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Oh, please don’t let it be bad news. Anything else today and she’d need a bucket of ice cream to go with the rest of her cookies. “Should we sit?” She gestured to the rattan furniture positioned on one side of the porch set. Lincoln leaned against the island counter. “Actually, let’s make this a standing meeting. I’ve got to run in a sec. Here’s the thing: I’ve got good news.” Miranda tasted relief, syrupy sweet. “And some bad.” Good-bye, Aunt Jemima. “I vote for the bad first.” Lincoln folded his arms over his black sweater, which matched his wide-rimmed glasses. “Okay, I’ll give it to you straight: Season four of From the Ground Up is on shaky ground.” Was it just her, or were those heavy clouds sagging even lower in the sky? “Well, we knew the network was looking at fiddling with our time slot, right?” Lincoln was shaking his head before she even finished. “I’m not talking a time-slot switch up. We may be on the chopping block.” Which explained the ripples of anxiety in her manager’s voice when he’d called about the interview. Brad must have sensed this coming. “Doesn’t compute,” he said now. “The show’s done well for three seasons. Randi’s as popular with viewers as ever.” “And we’re half done filming season four,” Miranda added. “I know it’s unpleasant to hear, but if you look at last season’s ratings and future projections, it’s not entirely unbelievable. But nothing’s certain. We have time to make our case to the network before they settle on the spring lineup. Which brings me to the good news.” Lincoln straightened his glasses and leaned forward. “I’ve had the best publicity brainstorm of my life. I have a plan to save the show and up your celebrity status by the zillions, Randi, dear.”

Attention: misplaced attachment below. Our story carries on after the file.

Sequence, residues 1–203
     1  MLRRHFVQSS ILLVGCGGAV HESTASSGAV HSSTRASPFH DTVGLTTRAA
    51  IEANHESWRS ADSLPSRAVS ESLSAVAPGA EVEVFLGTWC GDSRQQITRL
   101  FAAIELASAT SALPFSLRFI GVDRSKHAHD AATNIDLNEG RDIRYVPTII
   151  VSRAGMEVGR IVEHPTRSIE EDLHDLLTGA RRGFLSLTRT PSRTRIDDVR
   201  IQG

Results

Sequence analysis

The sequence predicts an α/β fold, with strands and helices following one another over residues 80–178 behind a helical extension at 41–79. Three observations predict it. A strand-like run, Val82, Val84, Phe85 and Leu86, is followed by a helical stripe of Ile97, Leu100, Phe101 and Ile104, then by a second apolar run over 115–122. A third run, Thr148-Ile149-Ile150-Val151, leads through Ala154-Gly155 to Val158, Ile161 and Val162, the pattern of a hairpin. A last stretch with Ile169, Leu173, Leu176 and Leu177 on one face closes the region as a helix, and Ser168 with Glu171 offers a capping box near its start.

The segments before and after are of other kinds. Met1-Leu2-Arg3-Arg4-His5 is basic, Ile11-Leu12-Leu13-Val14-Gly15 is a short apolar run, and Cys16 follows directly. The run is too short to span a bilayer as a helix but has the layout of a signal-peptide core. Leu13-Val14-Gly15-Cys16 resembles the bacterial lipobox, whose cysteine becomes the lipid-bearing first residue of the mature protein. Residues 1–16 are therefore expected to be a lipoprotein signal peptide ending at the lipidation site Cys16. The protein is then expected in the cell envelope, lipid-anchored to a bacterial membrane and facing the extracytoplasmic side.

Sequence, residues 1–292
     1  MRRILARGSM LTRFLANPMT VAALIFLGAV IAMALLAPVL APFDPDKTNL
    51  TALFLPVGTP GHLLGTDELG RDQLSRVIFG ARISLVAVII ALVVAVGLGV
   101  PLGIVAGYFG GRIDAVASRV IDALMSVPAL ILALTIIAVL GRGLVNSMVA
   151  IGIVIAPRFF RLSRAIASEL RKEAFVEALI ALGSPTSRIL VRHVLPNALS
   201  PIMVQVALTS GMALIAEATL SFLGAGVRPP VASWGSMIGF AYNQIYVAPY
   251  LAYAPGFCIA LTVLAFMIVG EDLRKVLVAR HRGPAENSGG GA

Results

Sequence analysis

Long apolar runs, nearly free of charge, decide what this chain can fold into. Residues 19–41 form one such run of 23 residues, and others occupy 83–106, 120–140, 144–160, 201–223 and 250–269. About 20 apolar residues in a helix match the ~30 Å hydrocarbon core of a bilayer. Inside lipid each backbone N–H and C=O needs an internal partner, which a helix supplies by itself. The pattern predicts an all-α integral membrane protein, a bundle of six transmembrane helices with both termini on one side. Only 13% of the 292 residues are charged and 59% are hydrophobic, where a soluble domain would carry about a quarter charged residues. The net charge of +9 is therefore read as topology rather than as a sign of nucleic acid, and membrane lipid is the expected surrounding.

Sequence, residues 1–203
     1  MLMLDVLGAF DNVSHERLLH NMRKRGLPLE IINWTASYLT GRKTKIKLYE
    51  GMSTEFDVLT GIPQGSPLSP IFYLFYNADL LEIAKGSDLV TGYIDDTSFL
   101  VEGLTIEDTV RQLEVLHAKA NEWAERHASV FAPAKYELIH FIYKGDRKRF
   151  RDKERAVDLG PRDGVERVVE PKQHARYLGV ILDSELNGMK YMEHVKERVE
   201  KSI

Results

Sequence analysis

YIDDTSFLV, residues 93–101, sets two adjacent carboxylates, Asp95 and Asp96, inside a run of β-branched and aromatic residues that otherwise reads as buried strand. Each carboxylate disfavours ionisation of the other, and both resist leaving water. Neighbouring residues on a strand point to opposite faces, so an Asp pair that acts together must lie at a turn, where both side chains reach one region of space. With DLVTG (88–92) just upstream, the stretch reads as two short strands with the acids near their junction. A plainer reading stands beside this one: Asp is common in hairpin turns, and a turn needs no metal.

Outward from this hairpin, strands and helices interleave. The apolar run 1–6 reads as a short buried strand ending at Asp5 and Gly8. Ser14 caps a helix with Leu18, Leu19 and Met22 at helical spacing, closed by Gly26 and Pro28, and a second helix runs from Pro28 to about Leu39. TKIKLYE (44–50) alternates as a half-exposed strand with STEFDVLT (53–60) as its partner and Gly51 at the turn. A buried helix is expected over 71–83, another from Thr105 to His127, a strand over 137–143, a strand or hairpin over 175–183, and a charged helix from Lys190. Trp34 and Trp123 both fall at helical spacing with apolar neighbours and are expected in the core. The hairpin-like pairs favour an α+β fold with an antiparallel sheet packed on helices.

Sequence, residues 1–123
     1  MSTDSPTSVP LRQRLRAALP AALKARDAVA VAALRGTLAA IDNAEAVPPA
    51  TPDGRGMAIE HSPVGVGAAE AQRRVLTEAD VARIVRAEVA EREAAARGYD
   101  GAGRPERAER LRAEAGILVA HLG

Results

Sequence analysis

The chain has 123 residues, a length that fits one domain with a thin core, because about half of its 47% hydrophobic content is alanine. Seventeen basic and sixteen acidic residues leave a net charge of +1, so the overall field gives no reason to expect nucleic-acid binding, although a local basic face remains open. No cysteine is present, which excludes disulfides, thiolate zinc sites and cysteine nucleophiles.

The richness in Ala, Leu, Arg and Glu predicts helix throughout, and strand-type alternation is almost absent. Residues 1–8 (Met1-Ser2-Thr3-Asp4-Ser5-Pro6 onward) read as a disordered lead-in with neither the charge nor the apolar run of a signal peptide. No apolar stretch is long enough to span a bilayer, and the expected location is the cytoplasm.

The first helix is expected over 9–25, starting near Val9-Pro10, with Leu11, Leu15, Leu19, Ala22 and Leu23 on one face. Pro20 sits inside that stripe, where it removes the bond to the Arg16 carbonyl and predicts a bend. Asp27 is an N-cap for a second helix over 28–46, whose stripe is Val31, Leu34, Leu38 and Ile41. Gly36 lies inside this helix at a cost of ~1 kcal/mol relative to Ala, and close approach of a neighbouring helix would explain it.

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Why did that sound more foreboding than hope inspiring? “Whatcha gonna do? Parade me in front of every grocery-aisle tabloid?” Lincoln’s smug smile stretched his cheeks. “Not just you.” Brad’s sharp intake of breath signaled his realization. She met his eyes, read his “stay calm” expression. What had he just figured out that she hadn’t? “Who else?” A niggle of alarm slipped under her skin. “Drum roll, please. . . . Your husband.” Lincoln’s words rushed like the breeze now rolling into a steady mountain wind. “You know, the unseen character on your show. The one who taught you all you know.” Oh. Oh no. Disbelief crowded out the elation of only seconds earlier. He couldn’t be serious. Lincoln Nash didn’t know what he was asking. Except that he did. And somehow that made it worse. Miranda hugged her arms to her body. “That’s impossible. You know I’m not . . . never was.” Her voice dropped to a hush. “You know Robbie left before the wedding.” The one that would’ve happened three years ago today. “What I know is you talk about him in every show.” “Because of you, the audition, the pilot. Because while we taped the first season, I naïvely believed I’d be married by the time it aired. Because my contract stipulates . . .” And then there was the little matter of her guilt. She shot Brad a pleading look, swallowing sour desperation. Say something! But Lincoln spoke first. “Don’t tell me you haven’t seen the fan websites, tabloid headlines—‘Who is Randi Woodruff’s mystery man?’ Not naming the guy was the best decision we ever made. Especially since, well . . .” He didn’t have to finish. They hadn’t named her husband because the man who should have filled the role had ducked out early. She’d shielded that truth from her fans, even most